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Editorial for Special Issue: Research on Plant Cell Wall Biology

Christophe Dunand
* and
Elisabeth Jamet
Laboratoire de Recherche en Sciences Végétales, Université de Toulouse, CNRS, UPS, Toulouse INP, 31320 Auzeville-Tolosane, France
Authors to whom correspondence should be addressed.
Cells 2022, 11(9), 1480;
Submission received: 26 April 2022 / Accepted: 26 April 2022 / Published: 28 April 2022
(This article belongs to the Special Issue Research on Plant Cell Wall Biology)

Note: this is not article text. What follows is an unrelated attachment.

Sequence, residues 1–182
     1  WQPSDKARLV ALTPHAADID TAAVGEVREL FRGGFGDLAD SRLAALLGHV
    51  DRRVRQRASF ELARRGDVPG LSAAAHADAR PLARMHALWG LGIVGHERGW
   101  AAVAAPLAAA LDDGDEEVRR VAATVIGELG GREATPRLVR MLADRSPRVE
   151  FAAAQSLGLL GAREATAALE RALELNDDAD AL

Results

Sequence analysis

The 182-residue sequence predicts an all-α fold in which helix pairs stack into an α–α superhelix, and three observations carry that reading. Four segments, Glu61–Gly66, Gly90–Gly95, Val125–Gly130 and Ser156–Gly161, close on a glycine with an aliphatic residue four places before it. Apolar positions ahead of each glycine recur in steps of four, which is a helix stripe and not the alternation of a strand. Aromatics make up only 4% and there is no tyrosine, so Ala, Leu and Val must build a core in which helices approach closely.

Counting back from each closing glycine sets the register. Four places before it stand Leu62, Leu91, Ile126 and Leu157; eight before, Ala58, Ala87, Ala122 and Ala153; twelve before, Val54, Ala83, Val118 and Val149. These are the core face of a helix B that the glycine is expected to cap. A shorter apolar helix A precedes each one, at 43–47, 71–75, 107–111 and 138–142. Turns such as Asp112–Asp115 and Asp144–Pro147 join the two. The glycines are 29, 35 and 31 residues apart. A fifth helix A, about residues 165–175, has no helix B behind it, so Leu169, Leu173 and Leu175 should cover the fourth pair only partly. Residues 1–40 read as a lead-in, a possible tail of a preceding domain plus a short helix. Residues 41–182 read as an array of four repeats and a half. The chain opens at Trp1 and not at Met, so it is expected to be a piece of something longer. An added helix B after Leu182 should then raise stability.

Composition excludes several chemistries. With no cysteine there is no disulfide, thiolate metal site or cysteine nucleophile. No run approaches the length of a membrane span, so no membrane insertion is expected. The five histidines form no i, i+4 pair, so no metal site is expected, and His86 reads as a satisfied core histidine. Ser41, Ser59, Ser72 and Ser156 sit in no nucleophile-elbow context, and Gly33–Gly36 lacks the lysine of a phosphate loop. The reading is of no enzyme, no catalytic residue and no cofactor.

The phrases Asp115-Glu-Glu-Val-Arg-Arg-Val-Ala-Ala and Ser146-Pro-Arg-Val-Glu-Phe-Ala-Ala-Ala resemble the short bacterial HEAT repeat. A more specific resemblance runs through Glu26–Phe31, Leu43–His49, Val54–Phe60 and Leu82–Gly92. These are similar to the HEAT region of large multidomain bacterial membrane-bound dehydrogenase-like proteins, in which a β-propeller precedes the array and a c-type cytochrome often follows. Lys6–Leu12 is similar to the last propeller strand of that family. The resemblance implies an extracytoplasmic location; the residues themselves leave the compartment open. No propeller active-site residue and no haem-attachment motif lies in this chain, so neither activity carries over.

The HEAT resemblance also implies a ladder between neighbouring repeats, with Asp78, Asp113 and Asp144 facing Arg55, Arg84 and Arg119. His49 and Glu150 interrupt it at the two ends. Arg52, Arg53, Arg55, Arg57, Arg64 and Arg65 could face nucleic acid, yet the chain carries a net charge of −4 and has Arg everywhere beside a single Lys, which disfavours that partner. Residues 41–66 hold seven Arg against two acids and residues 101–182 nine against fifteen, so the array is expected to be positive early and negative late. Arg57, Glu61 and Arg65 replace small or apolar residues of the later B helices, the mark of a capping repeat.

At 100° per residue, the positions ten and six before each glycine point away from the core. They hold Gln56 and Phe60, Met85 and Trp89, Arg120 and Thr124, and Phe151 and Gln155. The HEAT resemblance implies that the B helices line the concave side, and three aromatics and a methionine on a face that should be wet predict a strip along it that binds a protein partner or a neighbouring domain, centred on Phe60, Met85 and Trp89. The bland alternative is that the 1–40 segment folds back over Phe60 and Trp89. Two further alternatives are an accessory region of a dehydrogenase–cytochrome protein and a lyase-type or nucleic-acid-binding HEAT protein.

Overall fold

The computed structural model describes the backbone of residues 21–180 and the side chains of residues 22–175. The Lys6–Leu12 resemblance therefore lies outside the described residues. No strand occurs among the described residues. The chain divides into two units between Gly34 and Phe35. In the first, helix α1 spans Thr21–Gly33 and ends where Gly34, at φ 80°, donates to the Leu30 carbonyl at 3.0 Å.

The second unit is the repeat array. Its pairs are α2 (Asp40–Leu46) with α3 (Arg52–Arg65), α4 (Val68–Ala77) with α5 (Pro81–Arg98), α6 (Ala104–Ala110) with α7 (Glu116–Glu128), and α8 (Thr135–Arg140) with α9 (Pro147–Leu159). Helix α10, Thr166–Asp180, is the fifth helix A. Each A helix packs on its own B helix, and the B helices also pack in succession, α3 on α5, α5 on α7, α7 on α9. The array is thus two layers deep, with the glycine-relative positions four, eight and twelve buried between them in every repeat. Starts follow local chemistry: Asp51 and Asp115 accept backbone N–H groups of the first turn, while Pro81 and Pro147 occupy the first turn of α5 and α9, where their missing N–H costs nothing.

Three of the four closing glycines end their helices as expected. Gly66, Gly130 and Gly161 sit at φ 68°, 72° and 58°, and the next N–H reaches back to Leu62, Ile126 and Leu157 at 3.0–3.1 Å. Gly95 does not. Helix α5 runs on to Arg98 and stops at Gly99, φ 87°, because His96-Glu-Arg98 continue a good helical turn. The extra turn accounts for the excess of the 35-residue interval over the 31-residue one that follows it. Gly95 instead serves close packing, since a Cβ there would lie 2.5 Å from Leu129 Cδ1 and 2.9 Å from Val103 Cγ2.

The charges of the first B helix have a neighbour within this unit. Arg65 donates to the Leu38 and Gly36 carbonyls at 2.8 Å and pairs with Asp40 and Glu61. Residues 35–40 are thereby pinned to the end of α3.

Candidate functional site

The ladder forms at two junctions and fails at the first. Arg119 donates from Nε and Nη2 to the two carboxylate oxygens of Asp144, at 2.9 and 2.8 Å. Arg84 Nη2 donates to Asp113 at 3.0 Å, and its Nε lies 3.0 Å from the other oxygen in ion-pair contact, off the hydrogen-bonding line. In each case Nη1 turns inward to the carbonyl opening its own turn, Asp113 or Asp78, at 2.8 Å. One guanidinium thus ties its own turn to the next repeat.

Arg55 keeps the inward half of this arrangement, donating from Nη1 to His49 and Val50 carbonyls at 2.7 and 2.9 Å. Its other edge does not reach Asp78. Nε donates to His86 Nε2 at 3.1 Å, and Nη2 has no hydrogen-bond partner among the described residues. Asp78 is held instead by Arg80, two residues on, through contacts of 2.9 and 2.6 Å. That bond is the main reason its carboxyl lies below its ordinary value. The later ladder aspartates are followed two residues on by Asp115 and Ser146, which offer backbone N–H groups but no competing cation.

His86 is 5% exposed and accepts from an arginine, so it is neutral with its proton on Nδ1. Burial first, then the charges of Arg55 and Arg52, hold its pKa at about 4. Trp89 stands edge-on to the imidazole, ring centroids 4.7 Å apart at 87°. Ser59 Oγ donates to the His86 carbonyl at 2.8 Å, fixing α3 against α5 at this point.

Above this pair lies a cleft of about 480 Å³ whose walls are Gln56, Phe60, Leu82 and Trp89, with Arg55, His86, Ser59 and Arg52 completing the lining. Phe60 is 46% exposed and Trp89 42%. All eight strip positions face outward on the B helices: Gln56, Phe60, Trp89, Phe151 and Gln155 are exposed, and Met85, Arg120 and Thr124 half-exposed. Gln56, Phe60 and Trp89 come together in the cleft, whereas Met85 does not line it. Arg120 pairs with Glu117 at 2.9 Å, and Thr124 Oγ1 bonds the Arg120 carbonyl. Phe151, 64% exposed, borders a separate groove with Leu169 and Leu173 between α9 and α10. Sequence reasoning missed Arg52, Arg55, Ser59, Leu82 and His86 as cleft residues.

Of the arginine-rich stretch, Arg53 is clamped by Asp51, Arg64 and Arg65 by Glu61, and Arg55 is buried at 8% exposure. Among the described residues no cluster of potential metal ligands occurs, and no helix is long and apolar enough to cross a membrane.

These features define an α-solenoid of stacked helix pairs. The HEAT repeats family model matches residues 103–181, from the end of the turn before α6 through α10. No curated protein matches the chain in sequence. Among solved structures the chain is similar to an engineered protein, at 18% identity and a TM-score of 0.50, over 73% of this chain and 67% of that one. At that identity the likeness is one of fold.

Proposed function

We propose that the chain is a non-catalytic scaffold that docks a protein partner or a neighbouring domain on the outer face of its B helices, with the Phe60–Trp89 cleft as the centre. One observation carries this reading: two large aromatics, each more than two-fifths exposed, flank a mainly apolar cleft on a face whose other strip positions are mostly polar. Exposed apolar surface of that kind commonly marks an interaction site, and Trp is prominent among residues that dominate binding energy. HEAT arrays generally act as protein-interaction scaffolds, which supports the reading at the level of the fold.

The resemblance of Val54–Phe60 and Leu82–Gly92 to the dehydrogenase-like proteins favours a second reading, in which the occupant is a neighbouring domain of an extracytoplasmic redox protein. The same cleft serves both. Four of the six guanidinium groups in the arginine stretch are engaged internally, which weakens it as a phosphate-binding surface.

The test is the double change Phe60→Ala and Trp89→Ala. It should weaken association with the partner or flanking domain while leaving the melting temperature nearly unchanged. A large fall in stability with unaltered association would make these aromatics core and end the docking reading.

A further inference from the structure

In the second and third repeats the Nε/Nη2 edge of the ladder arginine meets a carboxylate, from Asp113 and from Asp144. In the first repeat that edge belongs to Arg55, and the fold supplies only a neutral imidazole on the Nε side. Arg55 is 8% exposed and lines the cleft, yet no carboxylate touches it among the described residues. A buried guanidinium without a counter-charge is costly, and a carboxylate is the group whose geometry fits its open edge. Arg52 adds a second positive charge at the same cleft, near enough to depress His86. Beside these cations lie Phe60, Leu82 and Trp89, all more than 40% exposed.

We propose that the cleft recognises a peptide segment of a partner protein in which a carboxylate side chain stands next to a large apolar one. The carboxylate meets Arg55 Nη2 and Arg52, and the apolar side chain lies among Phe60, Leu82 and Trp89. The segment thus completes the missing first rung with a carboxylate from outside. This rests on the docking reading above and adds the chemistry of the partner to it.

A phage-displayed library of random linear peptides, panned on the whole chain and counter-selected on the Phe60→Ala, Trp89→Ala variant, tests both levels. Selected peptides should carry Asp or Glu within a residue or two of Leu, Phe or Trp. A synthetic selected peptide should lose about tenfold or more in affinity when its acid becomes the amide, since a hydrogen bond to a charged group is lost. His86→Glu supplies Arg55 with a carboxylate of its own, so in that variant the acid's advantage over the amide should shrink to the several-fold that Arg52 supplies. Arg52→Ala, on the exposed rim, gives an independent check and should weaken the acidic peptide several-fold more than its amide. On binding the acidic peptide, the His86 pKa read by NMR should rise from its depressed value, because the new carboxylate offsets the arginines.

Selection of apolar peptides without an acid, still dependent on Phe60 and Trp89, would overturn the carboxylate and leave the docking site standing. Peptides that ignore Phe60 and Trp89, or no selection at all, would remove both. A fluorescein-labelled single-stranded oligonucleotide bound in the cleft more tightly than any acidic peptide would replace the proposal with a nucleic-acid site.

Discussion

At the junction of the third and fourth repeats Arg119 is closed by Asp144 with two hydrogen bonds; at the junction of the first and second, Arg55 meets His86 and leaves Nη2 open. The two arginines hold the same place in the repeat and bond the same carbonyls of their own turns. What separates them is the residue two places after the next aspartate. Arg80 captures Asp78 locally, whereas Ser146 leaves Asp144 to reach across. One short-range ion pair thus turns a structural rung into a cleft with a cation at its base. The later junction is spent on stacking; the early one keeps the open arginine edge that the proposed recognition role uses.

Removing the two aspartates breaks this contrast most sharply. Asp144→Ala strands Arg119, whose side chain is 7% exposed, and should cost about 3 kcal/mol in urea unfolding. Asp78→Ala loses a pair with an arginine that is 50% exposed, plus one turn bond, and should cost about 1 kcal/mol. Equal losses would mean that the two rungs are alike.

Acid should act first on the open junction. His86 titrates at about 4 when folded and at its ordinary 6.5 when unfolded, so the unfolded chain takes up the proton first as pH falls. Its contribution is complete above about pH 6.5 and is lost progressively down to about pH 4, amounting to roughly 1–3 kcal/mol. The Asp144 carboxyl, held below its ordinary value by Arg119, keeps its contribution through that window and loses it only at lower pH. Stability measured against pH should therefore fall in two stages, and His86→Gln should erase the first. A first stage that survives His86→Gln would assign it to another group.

Plant cells are surrounded by extracellular matrixes. These structures, also called cell walls, are highly variable between species and organs and are modified during plant development and upon environmental stresses. Primary cell walls are mainly composed of polysaccharides (cellulose, hemicelluloses, and pectins), but they also contain a small number of peptides and cell wall proteins (CWPs), presenting a large diversity [1,2]. The latter form part of the cell wall structure through covalent and non-covalent scaffolds or interactions with polysaccharides or CWPs, and they are critical players in cell wall dynamic processes [3,4,5]. They are also capable of sensing cell wall structure changes during development or in response to environmental constraints and, accordingly, convert them to signals, triggering appropriate physiological responses [6]. Secondary cell walls may contain aromatic polymers which contribute to cell wall rigidification and cell death for particular tissues [7].